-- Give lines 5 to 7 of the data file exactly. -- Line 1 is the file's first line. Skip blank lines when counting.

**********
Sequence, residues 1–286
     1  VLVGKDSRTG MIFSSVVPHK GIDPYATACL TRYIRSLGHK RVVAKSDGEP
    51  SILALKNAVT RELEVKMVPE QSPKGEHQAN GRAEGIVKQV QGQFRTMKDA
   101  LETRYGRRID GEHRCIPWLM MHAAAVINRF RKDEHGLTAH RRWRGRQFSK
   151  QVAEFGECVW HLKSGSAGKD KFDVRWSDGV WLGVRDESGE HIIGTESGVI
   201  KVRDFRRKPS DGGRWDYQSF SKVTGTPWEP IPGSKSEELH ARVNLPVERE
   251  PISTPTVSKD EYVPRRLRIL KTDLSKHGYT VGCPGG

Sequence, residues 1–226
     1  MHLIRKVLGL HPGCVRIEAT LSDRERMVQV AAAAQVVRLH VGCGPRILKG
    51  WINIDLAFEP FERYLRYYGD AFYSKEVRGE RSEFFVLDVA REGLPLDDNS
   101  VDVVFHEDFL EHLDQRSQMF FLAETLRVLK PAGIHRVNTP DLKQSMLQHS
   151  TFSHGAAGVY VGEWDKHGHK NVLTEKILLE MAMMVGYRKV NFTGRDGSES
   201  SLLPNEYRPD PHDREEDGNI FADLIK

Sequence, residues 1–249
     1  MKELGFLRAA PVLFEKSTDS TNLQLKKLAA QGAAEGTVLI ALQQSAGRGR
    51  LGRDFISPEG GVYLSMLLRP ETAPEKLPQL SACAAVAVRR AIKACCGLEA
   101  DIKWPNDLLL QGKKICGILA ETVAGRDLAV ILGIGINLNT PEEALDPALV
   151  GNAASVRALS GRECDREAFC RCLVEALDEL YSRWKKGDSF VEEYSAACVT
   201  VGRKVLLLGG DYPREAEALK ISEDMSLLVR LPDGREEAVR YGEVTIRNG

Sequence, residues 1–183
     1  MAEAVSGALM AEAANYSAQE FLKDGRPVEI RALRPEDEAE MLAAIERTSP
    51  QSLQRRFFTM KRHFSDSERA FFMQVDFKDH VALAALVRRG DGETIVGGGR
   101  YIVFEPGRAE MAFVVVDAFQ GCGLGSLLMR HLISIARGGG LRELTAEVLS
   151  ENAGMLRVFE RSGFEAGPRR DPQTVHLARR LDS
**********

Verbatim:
   151  QVAEFGECVW HLKSGSAGKD KFDVRWSDGV WLGVRDESGE HIIGTESGVI
   201  KVRDFRRKPS DGGRWDYQSF SKVTGTPWEP IPGSKSEELH ARVNLPVERE
   251  PISTPTVSKD EYVPRRLRIL KTDLSKHGYT VGCPGG